Chinese rescue workers battled Friday to free 17 miners trapped for more than 48 hours in a northeast colliery following a gas blast that left five dead, a local government official said.
The explosion on Thursday, in a coal mine in Liaoning province, killed five workers and injured a sixth, the official, surnamed Liang, told AFP.
"Family members of the victims are on their way to the mine, but the name list of victims can't be disclosed for now," he said.
The official Xinhua news agency reported Friday that rescue workers had managed to locate the 17 workers, who are believed to have gathered at a work platform underground.
China's mines are known for being among the deadliest in the world due to lax regulation, corruption and inefficiency, and accidents are common as safety is often neglected by bosses seeking a quick profit.
Last week, 13 people died after a capsule plunged into a pit at an iron ore mine in eastern China after a steel rope holding it broke.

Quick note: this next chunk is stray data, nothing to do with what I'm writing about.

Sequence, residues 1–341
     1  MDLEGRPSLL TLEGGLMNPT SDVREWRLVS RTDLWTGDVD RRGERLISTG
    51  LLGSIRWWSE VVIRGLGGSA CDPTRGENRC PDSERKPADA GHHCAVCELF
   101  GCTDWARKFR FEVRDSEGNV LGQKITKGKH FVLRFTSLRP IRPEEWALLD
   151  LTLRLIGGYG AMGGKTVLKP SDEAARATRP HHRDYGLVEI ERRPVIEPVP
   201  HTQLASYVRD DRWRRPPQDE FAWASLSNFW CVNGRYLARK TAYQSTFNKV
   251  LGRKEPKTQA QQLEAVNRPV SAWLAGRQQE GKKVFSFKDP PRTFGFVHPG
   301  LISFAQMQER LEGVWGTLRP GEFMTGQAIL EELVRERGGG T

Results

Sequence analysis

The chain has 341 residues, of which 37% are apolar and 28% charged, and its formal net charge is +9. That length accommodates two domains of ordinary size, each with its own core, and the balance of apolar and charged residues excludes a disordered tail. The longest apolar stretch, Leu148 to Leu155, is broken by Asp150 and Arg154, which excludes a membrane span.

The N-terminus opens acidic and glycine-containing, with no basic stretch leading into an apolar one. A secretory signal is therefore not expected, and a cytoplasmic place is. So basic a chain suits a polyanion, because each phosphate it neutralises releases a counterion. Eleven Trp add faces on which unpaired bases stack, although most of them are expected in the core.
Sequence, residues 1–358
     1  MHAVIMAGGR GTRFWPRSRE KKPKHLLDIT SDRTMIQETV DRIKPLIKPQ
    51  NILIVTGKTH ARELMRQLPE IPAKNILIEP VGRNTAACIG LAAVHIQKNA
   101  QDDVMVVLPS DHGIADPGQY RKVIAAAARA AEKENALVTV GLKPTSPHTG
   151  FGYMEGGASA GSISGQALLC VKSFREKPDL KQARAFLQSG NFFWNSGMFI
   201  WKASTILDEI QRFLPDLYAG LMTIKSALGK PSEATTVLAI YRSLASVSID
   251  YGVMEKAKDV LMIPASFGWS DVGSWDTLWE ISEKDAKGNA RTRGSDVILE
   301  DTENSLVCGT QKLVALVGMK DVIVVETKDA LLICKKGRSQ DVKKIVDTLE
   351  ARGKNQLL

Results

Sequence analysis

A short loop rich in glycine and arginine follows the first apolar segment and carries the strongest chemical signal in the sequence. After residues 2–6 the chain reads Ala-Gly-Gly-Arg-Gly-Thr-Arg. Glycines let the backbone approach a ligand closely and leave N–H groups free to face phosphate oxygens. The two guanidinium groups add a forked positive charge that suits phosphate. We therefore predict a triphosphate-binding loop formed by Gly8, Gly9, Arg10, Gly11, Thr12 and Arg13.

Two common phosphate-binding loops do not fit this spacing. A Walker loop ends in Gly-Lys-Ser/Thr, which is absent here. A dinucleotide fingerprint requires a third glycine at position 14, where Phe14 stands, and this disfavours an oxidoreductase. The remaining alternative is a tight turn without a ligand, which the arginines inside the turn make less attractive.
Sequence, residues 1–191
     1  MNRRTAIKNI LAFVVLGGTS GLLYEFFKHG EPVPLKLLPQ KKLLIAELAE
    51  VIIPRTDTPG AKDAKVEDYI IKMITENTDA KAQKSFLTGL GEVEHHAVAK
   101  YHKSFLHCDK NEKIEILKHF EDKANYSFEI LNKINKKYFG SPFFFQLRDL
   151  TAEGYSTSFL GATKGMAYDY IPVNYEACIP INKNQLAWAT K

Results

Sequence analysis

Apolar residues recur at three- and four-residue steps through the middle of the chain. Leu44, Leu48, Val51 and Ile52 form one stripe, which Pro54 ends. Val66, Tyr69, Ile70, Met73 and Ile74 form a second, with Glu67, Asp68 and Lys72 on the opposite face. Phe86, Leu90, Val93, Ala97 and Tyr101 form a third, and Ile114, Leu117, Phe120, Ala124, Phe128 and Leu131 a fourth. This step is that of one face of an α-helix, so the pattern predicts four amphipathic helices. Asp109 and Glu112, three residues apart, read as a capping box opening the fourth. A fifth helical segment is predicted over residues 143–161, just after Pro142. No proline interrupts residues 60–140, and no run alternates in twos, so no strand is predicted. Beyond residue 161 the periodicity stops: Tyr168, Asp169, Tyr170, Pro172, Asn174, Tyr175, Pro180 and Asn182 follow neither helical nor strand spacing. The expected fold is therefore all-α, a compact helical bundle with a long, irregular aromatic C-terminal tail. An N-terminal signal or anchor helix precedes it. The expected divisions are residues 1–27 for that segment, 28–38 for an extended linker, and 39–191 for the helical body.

And in February, 15 miners were killed and another three injured when a tramcar derailed in a coal mine in central China.
Latest figures show that 2,433 people died in coal mining accidents in the country in 2010 -- a rate of more than six workers per day.
Labour rights groups, however, say the actual death toll is likely to be much higher, partly due to under-reporting of accidents as mine bosses seek to limit their economic losses and avoid punishment.
Liang said the owner of the colliery in Liaoning had run away -- a common move by mine bosses who often panic after accidents.
According to the Xinhua report, local safety authorities said the mine's operations were supposed to have been suspended pending a safety check, but the owner had re-opened the colliery illegally.
China's rapid economic growth has caused demand for energy, including coal, to surge.
The world's second-biggest economy is the top global consumer of coal, relying on the fossil fuel for 70 percent of its growing energy needs, and during the winter months mines operate at full capacity.